The City of London Planning & Transportation Committee has approved plans for a deep retrofit of 81 Newgate Street, the former BT Headquarters. It was designed by Kohn Pedersen Fox Associates (KPF) for Tejat V Lux Sàrl, advised by Orion Capital Managers and Pella Real Estate Partners. The design will transform a 1980’s office block into a sustainable, mixed-use building that is embedded in the wider public life of the City as a new gateway destination into London’s ‘Culture Mile’.
“81 Newgate Street develops a number of reuse and transformation themes that KPF has been working on for a long time, from the World Bank in Washington DC, completed in 1996, to more recent projects in London, such as Unilever House, South Bank Tower and a collection of projects in Covent Garden,” explains KPF Design Principal John Bushell. “The mixture of reuse and invention generates projects with great character, preserving history whilst allowing for vigorous renewal and making substantial savings of embodied carbon.”
The outdated 1980’s single-use office building has been reimagined by KPF through extension, refurbishment and modernization. The design enables the creation of large, flexible office floor plates, with increased daylight, improved internal experience and plentiful outside space, in a highly sustainable way. The structural frame is substantially retained and extended with a net increase in commercial office space. This is partially achieved by inserting new cores into the existing atrium void and refilling the remaining space. Three new ‘slot atria’, rising the full height of the building and topped by skylights, announce main building entrances as well as defining the internal circulation space and the public route at ground floor level. Internally, they frame key views of Christchurch Greyfriars Church Garden, St. Paul’s and the Eastern cluster.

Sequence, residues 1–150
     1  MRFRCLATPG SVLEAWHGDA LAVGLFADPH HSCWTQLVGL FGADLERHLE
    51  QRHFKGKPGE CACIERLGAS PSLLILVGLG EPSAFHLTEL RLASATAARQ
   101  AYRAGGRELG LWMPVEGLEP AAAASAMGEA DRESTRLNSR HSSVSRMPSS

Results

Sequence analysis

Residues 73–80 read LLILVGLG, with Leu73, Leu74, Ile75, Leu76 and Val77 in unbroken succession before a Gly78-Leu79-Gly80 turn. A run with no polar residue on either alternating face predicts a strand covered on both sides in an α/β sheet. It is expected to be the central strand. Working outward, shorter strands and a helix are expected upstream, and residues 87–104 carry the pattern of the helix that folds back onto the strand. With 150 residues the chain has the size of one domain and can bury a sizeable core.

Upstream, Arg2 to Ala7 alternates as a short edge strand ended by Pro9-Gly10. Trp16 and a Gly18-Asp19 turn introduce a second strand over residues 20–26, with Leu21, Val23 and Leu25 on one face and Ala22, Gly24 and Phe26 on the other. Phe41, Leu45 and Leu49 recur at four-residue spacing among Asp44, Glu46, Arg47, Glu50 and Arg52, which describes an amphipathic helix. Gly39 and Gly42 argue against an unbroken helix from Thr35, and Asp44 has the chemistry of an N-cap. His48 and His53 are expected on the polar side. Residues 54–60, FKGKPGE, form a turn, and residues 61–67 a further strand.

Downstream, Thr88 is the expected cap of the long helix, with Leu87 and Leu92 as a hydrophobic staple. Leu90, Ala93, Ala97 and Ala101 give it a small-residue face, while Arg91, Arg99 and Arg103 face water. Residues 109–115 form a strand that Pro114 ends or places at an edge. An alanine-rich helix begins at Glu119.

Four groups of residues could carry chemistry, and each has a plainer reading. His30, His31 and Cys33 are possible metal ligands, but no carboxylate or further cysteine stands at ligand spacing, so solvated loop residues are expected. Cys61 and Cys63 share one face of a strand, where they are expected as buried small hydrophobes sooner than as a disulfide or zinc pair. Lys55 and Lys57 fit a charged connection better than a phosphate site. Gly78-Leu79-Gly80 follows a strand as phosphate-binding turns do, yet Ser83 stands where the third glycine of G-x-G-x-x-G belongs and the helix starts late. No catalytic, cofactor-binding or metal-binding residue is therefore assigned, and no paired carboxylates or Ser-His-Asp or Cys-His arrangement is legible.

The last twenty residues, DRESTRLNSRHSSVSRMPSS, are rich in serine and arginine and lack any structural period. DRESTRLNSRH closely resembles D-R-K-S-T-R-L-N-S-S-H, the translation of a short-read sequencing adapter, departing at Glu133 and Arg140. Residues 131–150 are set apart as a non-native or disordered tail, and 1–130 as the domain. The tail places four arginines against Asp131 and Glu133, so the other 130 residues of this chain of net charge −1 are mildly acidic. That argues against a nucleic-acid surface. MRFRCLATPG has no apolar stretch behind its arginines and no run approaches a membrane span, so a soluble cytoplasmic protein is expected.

On the roof, a large public terrace will be created, with a restaurant, wildflower meadow and feature access stairs, all providing a unique view of St. Paul’s Cathedral. This garden is designed to feel part of the architectural language of the building, but the primary experience is of a natural landscape setting for the City panorama. The roof garden and large planters on accessible terraces, alongside areas of green wall, will make a significant contribution to the ‘greening’ of the City - contributing to local biodiversity and air quality improvements, as well as providing an enjoyable amenity.
A gym, swimming pool and spa facilities are included, in addition to long and short-term bicycle parking with associated facilities to promote sustainable transport.
The development will respect and improve its current setting. The overall form of the building is changed, softening and evolving the appearance of the original office block. A portion is removed to comply with the St. Paul’s heights grid square limitations, enhance views of St. Paul’s Cathedral and to respect vistas from Millennium Bridge and the South Bank. New-build bays are set in a dynamic composition of smaller elements that step down from north to south creating numerous accessible terraces. An active, open, ground floor creates a new ‘street’ through the site, improving permeability with a retail arcade that features an extensive digital gallery for curated art.
Through reuse, the project will deliver the lowest impact form of development for the site – saving up to three years of demolition and new construction – and providing embodied carbon savings from reused material and modern construction processes. The environmental performance of the building will be improved and environmental impact minimized by reusing Portland stone from the existing building, employing modular construction methods, specifying low carbon materials and adopting a zero to landfill policy. Additionally, the development aims to be air quality neutral when completed, to provide one of the highest ‘urban greening factors’ in London and to be the first net zero carbon enabled office development in London.
Thanks to KPF’s far-sighted redesign, this previously unengaging building will become a sustainable and welcoming addition to the ‘Culture Mile’ between Tate Modern, St Paul's Cathedral and the new Museum of London and City Concert Hall.